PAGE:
Because trauma-affected children may have multiple emotional issues and deficits, behavioral problems are not uncommon.  Children who have experienced trauma may react with apathy, defiance, aggression, cruelty, and even rage in their day-to-day lives; they may appear unreceptive to treatment and efforts to intervene, and may be difficult for caregivers and teachers to manage.  These children tend to have more placement changes in care, and caseworkers may be inclined to blame them for taxing caregivers to the point that the child's removal is requested.  Many maltreated children exhibit emotional problems to the extent that a mental health diagnosis is made.  Thus, it is critical that child welfare agencies screen for and assess trauma, and employ evidence-based, trauma-focused treatments for children in care.

Social Functioning

Social functioning is yet another aspect of a child’s life that may be negatively affected by maltreatment.  The ability to become emotionally attuned to others and regulate emotions, otherwise referred to as "social competence," encompasses the capability to take another person's perspective, share experiences and learn from them, and apply that learning to further interactions with others.  This ability to communicate and relate effectively to others is the building block for future interactions with people in all walks of life.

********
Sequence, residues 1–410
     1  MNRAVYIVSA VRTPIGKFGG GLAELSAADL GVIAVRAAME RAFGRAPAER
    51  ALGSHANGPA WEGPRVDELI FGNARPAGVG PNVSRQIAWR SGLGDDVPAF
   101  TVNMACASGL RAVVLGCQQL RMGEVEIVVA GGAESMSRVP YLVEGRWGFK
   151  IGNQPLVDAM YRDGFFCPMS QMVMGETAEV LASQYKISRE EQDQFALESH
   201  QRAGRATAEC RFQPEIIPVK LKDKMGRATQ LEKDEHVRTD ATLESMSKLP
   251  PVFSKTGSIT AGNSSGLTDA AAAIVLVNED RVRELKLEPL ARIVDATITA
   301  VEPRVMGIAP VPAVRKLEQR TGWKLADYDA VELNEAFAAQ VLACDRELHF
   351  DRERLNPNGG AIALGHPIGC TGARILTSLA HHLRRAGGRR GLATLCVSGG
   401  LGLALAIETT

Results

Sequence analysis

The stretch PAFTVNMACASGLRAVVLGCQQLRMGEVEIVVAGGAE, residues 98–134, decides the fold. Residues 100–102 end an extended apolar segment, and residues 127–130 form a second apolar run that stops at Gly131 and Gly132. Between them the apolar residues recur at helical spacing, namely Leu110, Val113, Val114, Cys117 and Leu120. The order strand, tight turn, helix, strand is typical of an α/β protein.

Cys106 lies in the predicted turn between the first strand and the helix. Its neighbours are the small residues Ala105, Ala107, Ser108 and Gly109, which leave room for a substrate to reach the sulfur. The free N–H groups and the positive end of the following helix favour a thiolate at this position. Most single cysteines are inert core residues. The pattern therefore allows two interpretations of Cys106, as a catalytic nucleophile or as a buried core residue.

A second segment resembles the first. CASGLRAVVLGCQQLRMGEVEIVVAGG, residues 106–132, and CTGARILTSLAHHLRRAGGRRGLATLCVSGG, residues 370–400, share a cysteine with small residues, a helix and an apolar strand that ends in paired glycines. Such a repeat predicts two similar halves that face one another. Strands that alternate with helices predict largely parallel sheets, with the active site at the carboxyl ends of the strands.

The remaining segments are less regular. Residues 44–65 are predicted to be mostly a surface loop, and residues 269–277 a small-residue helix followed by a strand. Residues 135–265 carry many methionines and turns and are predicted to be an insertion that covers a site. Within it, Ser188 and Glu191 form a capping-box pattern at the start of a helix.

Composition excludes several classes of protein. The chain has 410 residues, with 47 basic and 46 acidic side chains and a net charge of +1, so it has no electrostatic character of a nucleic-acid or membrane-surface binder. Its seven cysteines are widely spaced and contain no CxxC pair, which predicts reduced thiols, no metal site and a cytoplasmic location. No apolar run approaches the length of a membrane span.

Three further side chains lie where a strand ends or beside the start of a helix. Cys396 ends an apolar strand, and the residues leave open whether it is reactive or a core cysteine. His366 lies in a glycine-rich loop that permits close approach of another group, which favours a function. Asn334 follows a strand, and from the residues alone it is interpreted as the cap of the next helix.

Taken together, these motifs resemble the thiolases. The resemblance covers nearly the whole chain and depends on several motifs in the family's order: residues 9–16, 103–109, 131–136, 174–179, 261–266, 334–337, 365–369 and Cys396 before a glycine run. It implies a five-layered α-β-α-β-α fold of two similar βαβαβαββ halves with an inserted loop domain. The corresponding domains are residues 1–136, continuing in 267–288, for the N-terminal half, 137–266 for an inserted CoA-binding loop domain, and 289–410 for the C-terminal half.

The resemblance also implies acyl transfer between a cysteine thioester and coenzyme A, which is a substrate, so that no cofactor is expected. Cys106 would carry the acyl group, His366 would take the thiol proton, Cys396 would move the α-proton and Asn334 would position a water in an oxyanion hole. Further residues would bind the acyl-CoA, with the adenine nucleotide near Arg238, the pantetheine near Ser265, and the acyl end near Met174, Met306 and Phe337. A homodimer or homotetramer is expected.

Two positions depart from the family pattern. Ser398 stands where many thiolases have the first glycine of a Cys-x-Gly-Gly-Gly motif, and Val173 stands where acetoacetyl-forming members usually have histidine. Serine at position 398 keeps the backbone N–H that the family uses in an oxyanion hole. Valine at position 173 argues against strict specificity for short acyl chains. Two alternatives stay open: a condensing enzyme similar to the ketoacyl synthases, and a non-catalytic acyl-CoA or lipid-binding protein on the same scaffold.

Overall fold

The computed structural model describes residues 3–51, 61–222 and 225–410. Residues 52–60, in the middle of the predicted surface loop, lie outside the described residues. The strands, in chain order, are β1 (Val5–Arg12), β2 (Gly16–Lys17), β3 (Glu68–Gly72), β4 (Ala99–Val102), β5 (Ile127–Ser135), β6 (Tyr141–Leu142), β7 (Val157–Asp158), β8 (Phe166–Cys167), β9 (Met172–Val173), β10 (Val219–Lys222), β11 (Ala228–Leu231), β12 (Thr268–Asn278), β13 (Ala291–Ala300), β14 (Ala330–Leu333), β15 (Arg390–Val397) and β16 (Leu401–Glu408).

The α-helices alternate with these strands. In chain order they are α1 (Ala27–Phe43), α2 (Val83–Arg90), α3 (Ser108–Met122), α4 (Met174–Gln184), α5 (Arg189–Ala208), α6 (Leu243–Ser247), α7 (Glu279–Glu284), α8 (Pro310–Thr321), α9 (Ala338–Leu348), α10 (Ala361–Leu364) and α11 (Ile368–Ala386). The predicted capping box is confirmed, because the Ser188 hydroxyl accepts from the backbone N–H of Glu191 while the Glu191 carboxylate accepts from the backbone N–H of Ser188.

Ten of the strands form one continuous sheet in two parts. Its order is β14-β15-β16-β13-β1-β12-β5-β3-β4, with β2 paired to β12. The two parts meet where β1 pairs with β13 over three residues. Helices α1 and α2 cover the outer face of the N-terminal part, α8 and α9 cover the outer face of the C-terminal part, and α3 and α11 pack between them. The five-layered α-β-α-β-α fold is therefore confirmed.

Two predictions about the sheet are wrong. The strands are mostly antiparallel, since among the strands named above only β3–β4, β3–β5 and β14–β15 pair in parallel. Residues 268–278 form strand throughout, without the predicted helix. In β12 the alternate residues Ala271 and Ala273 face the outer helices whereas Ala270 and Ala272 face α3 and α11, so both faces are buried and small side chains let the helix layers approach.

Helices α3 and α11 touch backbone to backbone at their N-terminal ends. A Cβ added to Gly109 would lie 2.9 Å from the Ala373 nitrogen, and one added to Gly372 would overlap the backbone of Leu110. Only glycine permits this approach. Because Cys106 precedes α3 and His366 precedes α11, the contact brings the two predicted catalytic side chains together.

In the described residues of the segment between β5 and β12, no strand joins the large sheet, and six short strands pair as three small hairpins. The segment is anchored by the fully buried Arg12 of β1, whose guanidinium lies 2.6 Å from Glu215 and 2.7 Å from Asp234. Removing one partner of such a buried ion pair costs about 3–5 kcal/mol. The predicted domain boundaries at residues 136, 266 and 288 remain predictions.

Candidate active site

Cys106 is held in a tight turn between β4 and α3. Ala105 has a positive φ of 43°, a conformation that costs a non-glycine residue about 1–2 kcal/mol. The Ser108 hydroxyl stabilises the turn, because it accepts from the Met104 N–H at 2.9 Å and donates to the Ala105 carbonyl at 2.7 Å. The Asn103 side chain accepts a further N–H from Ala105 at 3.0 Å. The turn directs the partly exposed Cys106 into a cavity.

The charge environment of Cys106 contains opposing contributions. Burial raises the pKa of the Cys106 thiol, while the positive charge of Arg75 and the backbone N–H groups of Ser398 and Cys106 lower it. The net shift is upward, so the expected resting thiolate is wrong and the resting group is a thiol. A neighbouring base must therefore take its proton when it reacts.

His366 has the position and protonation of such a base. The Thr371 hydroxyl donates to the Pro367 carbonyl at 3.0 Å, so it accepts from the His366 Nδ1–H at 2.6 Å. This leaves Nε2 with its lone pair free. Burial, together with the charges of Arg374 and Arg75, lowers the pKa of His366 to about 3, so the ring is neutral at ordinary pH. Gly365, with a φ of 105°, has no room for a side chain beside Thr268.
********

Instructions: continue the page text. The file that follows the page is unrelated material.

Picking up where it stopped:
Because of their early negative experiences and possible alterations in neurological development, many maltreated children lack the capacity for basic trust in others and find it difficult to form appropriate friendships.  The traumatized child may feel inferior and incapable around other children and may be overwhelmed by peer expectations of academic, social, and athletic performance.  This can lead to the child becoming detached and withdrawn.  Trauma-affected children may also be impulsive, have emotional outbursts, and experience difficulty in deferring gratification.  Schoolmates may view them with dislike and derision, and they may become scapegoats among peers. 

Some maltreated children, particularly those who have experienced complex trauma, have difficulty learning basic social skills and may either over-comply with or defy authority figures.  They may also be extremely shy and passive or, on the other hand, may employ aggression to solve interpersonal issues.  In addition to their social awkwardness, trauma-affected children may have low self-esteem and be easily victimized by both peers and adults.  These social difficulties, if left untreated, may affect children throughout their adult lives.